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Magdaly Santillanez

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The G(irls)20 Summit: A Girl, Mexico and the Presidency of the G20

Posted: 05/ 3/2012 3:46 pm

My name is Magdaly Santillanez, I am a young, 18-year-old woman who is a senior in high school living in Mexico, which is the first in Latin America to chair the G20 in 2012 and to host the Leaders' Summit in June. Amongst these prestigious events and my lifestyle, my perspectives of the world are very simple. That is why today I write about what we perfectly know: the humankind and our actions to take care of our home, the Earth, where more than seven billion of us live and out of those seven billion, 3.5 billion are girls and women.

Being selected as the delegate of Mexico in The G(irls) 20 Summit is a lifetime opportunity to represent the voice of millions of young women around the world. The G(irls)20 Summit will focus on the opportunity gained in terms of strategically engaging women in agriculture and the opportunity lost as a result of violence against women. Mexico City will be the perfect place for uniting different cultures, countries, and governments under a single roof in order to debate and discuss the most important issues and then taking initiatives.

If you think it is impossible to raise awareness and receive substantial results from civil society and governments, then I am afraid that you do not have the #YY Spirit!

I am not only talking about microcredits, social entrepreneurships, or social businesses. I am talking about the several generations existing in the 21st century, who use the simplest things such as social networks to change the world.

Now let me briefly introduce you to my life, my experiences, and my dreams...

When I was 10 years old, I was chosen as a national deputy in the National Congress of Mexico to advocate on social issues. It was at that moment that I realized my life calling and the importance of creating platforms for opportunities and empowerment, improving the quality of education, and enabling access to different basic needs, such as water, food or health services. From then on, I continued raising public awareness on the importance of attending social issues throughout different events.

It was until I reached high school that I asked to myself, "How can I help others enhance their socioeconomic position not just through advocating, but more?" I was thinking on a higher level -- helping create solutions. During my summer vacation in 2009, I went to a supermarket in Rosarito, Baja California, Mexico. I walked straight to the bookstand and as I was browsing, a book called The Price of a Dream written by David Bornstein, caught my attention. It was a story about Muhammad Yunus and the Grameen Bank, and how they received the Nobel Prize for their significant work against fighting poverty. In Mexico, there are applied Social Assistance Programs and Microfinance to fight against poverty; however, the poverty rate has yet to decrease. In fact, 52 million of people remain poor. Therefore, what actions can be taken to solve the problem?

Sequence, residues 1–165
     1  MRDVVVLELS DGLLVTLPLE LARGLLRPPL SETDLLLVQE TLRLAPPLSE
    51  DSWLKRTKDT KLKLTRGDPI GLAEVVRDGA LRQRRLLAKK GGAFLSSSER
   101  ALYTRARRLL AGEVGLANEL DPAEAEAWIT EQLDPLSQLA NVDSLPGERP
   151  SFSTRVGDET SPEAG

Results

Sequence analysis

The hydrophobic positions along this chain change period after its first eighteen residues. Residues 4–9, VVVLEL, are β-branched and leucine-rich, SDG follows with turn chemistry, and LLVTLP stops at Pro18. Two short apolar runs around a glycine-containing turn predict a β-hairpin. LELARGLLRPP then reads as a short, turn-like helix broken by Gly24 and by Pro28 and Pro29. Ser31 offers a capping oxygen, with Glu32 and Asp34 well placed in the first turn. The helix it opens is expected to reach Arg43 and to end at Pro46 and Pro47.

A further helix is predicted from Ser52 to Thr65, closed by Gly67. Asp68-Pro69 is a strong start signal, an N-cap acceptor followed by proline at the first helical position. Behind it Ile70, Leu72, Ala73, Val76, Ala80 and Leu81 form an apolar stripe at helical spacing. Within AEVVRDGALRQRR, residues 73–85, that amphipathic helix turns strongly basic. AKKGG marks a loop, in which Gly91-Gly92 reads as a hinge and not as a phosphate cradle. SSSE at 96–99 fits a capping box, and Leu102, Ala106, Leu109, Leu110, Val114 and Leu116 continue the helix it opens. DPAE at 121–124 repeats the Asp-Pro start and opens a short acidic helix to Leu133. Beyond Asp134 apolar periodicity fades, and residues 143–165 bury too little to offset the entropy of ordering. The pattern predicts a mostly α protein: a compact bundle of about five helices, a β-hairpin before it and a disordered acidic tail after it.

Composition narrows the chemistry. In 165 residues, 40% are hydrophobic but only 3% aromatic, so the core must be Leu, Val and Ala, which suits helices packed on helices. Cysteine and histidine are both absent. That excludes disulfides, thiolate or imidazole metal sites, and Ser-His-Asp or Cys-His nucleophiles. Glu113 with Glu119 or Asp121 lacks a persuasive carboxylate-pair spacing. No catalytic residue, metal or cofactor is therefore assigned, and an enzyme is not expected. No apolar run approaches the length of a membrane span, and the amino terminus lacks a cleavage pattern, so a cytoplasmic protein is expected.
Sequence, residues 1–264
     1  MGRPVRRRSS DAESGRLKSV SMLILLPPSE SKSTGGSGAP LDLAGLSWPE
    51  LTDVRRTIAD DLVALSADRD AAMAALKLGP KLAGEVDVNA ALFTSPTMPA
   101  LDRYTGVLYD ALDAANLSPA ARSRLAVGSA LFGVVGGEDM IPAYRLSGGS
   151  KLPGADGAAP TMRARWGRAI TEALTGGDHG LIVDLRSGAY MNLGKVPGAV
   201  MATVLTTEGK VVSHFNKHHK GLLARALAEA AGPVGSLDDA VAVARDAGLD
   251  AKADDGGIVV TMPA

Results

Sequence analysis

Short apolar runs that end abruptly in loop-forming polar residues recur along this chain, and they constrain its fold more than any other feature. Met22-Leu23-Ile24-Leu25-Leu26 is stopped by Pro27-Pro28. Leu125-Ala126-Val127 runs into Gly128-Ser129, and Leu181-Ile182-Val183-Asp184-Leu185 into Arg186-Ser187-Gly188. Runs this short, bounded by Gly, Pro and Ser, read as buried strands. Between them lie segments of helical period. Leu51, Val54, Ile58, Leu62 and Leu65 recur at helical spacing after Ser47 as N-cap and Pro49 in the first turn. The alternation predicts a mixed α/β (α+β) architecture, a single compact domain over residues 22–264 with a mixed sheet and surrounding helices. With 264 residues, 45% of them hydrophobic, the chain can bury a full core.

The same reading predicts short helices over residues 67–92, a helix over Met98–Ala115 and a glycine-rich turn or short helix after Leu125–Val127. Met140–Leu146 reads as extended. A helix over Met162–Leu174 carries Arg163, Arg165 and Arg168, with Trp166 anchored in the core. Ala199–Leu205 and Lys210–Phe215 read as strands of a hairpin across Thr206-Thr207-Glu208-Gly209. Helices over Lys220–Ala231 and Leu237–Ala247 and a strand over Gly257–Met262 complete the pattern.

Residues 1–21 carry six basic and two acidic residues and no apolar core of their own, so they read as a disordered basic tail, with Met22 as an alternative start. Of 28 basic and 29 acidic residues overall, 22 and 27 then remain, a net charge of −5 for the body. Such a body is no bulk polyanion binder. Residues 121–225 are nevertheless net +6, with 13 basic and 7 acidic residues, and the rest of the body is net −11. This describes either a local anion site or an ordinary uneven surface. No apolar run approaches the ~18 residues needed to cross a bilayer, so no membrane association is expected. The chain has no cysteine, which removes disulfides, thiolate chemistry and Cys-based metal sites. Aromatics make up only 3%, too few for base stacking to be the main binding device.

At the end of 2009, I started a research in my hometown, Guamúchil, Sinaloa, Mexico, in order to understand the living conditions of the people. The results obtained showed that even though Sinaloa is one of the states given the highest amount of microcredits, the microcredits do not follow the same regulations as the Grameen Bank because they are not given to the poorest nor are they given any specific training to increase their living conditions. This is why I did not have to think twice about starting a pilot program in Microfinance called Microevora.

What is the purpose of this program? It is to make microfinance available to the poorest, as well as providing specific training to help individuals break away from the vicious cycle of poverty. Moreover, this program enables a platform for empowerment. The workshops included forty participants from the Region of Evora, and from these individuals, the first microcredit was granted. The project has been possible thanks to the support of young individuals' volunteering as staff and adult volunteers who participated in the workshops. Many different awareness events have been created since then and civil society has shown promising results.

I am now researching how to improve the model of microfinance and am willing to apply it as soon as I finish. Meanwhile I continue advocating and promoting the importance of social issues. I write articles for a Latin American network called EmprendeSocial, and since the start of my adventures I am part of MakeSense, a French Open Project which challenges people for social business. Also I hold conferences and workshops to kids, teenagers, and adults. At these events, I share my experiences to encourage them to follow their dreams, start a research project, and help contribute to our communities.

Esther Duflo noted "the gender gap in education, political participation, and employment opportunities should therefore be reduced not only because it is equitable to do so, but because it will also have beneficial consequences on many other society-wide outcomes." Ordinary people, like you or me, can make a change, but in order to do so, civil society needs to be more aware, united, and coordinated so that they can affect our communities in the most effect way until we understand that the change must come from governments and us.

I am so excited and honored by the opportunity of being the 2012 delegate for Mexico and looking forward to the Summit!

Do not forget to register to the G(irls) 20 Summit Campaign of What's Your Number?, Did you already do it? Share your number, my number is 20161!

P.S. It is not a bad idea if you take an original picture of you and your number and share it in the social networks!

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